Drosophila melanogaster foraging regulates a nociceptive-like escape behavior through a developmentally plastic sensory circuit.
Dason JS., Cheung A., Anreiter I., Montemurri VA., Allen AM., Sokolowski MB.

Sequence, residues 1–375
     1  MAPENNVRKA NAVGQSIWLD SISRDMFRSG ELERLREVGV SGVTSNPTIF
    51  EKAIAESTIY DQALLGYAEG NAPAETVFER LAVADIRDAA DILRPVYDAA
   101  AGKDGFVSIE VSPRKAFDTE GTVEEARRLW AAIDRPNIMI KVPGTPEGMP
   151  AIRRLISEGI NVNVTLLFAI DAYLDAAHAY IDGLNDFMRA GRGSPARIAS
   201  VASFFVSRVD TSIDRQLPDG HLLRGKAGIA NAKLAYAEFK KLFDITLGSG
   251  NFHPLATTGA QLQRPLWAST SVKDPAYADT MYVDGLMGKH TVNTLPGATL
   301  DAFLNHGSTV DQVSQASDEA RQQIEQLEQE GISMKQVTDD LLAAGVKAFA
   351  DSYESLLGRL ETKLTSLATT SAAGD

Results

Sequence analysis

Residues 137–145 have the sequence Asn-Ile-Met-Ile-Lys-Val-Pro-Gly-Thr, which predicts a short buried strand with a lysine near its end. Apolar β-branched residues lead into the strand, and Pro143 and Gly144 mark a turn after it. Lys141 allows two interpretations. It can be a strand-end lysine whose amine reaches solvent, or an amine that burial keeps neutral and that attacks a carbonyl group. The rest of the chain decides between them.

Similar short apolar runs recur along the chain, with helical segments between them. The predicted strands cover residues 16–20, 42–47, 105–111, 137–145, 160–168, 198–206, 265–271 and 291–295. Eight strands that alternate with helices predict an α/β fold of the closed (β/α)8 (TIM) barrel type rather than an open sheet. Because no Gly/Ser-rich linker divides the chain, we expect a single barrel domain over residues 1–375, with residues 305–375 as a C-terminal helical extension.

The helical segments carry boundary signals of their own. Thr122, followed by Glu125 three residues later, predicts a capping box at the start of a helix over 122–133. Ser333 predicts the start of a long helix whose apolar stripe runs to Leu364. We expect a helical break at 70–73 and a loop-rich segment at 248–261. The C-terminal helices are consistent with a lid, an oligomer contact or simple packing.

Painful or threatening experiences trigger escape responses that are guided by nociceptive neuronal circuitry. Although some components of this circuitry are known and conserved across animals, how this circuitry is regulated at the genetic and developmental levels is mostly unknown. To escape noxious stimuli, such as parasitoid wasp attacks, Drosophila melanogaster larvae generate a curling and rolling response. Rover and sitter allelic variants of the Drosophila foraging (for) gene differ in parasitoid wasp susceptibility, suggesting a link between for and nociception. By optogenetically activating cells associated with each of for's promoters (pr1-pr4), we show that pr1 cells regulate larval escape behavior. In accordance with rover and sitter differences in parasitoid wasp susceptibility, we found that rovers have higher pr1 expression and increased sensitivity to nociception relative to sitters. The for null mutants display impaired responses to thermal nociception, which are rescued by restoring for expression in pr1 cells. Conversely, knockdown of for in pr1 cells phenocopies the for null mutant. To gain insight into the circuitry underlying this response, we used an intersectional approach and activity-dependent GFP reconstitution across synaptic partners (GRASP) to show that pr1 cells in the ventral nerve cord (VNC) are required for the nociceptive response, and that multidendritic sensory nociceptive neurons synapse onto pr1 neurons in the VNC. Finally, we show that activation of the pr1 circuit during development suppresses the escape response. Our data demonstrate a role of for in larval nociceptive behavior. This function is specific to for pr1 neurons in the VNC, guiding a developmentally plastic escape response circuit.